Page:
The insulation barrier may be used not only in roof deck systems but also in the form of other products, such as ceiling tiles, patio enclosures and the like.
The invention thus provides an expanded polystyrene body having enhanced fire resistant characteristics and strength. Further, the invention provides an expanded polystyrene body which can be used as an insulation barrier, for example in a roof installation system without need for a thermal barrier.
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|US5516552 *||Feb 13, 1995||May 14, 1996||Styro-Stop, Inc.||Insulation barrier and a method of making and insulation barrier for a roof insulation system|
|US5766681 *||Nov 5, 1996||Jun 16, 1998||Styro-Stop, Inc.||Insulation barrier and a method of making an insulation barrier|
|US6743830||Mar 7, 2002||Jun 1, 2004||Innovative Construction And Building Materials||Construction board materials with engineered microstructures|
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|US6902797||May 27, 2003||Jun 7, 2005||Innovative Construction And Building Materials||Gypsum-based composite materials reinforced by cellulose ethers|
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|US20040092624 *||Jan 23, 2003||May 13, 2004||Innovative Construction And Building Materials||Reinforced wallboard|
|US20040092625 *||May 27, 2003||May 13, 2004||Innovative Construction And Building Materials||Gypsum-based composite materials reinforced by cellulose ethers|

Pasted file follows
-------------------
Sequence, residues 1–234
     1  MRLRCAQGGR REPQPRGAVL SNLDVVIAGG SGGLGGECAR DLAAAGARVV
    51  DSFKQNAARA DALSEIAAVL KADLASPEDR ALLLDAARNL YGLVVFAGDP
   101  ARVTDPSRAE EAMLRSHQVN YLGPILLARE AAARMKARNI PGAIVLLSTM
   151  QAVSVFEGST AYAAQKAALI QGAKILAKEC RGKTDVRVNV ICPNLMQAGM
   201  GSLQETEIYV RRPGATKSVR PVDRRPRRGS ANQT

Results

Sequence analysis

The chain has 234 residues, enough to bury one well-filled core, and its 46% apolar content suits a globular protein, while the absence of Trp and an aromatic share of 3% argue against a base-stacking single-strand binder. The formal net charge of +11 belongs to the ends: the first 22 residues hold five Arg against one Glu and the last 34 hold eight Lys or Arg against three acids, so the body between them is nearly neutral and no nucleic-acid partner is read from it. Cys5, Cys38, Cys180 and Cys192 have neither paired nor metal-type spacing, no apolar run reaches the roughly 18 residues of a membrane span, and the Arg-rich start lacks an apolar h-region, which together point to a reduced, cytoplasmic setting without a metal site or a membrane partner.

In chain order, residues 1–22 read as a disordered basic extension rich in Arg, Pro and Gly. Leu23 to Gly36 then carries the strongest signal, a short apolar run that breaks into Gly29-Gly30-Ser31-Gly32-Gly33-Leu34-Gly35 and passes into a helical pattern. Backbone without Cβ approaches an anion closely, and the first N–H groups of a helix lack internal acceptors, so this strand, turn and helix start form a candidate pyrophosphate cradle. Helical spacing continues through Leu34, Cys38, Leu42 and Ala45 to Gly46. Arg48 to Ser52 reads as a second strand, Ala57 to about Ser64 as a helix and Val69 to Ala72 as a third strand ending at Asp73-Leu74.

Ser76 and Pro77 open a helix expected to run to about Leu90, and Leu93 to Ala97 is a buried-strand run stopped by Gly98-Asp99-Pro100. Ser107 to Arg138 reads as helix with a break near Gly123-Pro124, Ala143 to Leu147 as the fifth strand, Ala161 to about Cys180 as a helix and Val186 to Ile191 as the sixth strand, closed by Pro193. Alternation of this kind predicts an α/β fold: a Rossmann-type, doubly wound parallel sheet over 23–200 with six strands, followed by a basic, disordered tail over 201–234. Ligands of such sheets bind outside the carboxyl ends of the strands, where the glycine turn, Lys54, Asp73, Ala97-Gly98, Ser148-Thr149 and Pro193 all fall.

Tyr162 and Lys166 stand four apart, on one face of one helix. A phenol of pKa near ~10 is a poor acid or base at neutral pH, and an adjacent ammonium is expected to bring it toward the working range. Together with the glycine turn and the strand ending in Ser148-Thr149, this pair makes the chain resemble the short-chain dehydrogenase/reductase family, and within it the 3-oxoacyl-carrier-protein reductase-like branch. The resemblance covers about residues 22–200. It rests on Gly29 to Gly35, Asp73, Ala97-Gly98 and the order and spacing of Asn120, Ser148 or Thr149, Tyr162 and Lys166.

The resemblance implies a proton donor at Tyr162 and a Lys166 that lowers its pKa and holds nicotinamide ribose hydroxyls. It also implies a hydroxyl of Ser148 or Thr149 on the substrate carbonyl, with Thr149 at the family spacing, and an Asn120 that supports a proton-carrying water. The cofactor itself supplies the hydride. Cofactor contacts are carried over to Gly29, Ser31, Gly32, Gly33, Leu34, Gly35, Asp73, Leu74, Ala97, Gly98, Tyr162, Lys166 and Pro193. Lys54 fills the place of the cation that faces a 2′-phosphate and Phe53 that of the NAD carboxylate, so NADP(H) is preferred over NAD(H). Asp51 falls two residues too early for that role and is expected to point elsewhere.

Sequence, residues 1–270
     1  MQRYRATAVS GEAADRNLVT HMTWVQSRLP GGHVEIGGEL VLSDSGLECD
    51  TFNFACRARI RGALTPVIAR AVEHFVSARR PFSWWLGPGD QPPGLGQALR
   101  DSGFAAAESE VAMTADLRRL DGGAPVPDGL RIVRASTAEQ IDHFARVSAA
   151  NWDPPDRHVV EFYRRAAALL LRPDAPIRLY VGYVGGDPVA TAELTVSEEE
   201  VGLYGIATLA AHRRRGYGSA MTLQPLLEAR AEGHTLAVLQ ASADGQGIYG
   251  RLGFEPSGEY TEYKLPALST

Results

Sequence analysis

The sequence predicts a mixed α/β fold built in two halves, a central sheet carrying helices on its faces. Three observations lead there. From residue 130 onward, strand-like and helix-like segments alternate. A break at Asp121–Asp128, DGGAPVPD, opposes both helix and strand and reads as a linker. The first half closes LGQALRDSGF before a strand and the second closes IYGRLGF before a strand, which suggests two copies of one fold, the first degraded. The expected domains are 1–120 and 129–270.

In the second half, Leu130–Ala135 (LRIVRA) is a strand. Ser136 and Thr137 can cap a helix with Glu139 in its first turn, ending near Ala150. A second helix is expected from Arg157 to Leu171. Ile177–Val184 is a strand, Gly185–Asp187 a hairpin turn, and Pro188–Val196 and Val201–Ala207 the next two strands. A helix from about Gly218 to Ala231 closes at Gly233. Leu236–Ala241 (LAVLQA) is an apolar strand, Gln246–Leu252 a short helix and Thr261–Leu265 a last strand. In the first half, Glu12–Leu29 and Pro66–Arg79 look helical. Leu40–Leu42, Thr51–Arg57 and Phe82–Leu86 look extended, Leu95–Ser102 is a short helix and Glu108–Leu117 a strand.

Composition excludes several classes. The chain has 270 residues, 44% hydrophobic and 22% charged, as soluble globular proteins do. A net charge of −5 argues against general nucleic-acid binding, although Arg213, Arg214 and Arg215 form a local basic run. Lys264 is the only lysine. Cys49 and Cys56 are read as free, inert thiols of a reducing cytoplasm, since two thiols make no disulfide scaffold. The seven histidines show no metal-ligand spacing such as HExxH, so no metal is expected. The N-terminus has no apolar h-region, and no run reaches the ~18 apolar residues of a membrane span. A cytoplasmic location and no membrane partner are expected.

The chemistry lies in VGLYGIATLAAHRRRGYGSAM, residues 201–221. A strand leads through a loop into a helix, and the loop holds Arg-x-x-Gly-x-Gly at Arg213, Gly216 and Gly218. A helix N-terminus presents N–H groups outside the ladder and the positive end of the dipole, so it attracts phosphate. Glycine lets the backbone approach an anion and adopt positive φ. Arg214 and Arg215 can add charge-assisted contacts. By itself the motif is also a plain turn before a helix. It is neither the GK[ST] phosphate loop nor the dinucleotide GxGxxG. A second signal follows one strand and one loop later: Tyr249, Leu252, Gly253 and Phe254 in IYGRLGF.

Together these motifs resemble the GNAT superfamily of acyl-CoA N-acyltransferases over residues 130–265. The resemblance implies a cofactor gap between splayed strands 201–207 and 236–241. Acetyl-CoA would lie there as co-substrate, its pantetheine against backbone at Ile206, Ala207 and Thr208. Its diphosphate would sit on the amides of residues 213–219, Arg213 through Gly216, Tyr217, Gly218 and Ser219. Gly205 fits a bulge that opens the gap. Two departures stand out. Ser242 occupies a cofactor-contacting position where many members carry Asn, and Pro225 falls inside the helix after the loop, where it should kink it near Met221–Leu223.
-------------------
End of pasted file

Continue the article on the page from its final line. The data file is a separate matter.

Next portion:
|US20050139126 *||Aug 13, 2004||Jun 30, 2005||Building Materials Investment Corporation||Intumescent coating|
|US20080224357 *||Aug 9, 2006||Sep 18, 2008||Basf Se||Method for Producing Foamed Slabs|
|US20080289290 *||Jul 8, 2005||Nov 27, 2008||Rodney Alan Pitman||Roofing System for Buildings|
|U.S. Classification||52/408, 52/309.13|
|International Classification||E04D13/16, B05D7/04, C08J9/40|
|Cooperative Classification||Y10T428/249958, Y10T428/249992, E04D13/16, C08J9/40, C08J2201/038, C08J2325/06, Y10T428/249993, Y10T428/24999, B05D7/04, Y10T428/249991|
|European Classification||C08J9/40, E04D13/16, B05D7/04|
|Dec 23, 1993||AS||Assignment|
Owner name: STYRO STOP, INC., MINNESOTA
Free format text: ASSIGNMENT OF ASSIGNORS INTEREST;ASSIGNORS:BONTRAGER, GREGORY;GENDRON, BURTON P.;REEL/FRAME:006824/0324
Effective date: 19931220
|Oct 21, 1998||FPAY||Fee payment|
Year of fee payment: 4
|Dec 4, 2002||REMI||Maintenance fee reminder mailed|
|Dec 30, 2002||SULP||Surcharge for late payment|
Year of fee payment: 7
|Dec 30, 2002||FPAY||Fee payment|
Year of fee payment: 8
|Nov 29, 2006||REMI||Maintenance fee reminder mailed|
|May 16, 2007||LAPS||Lapse for failure to pay maintenance fees|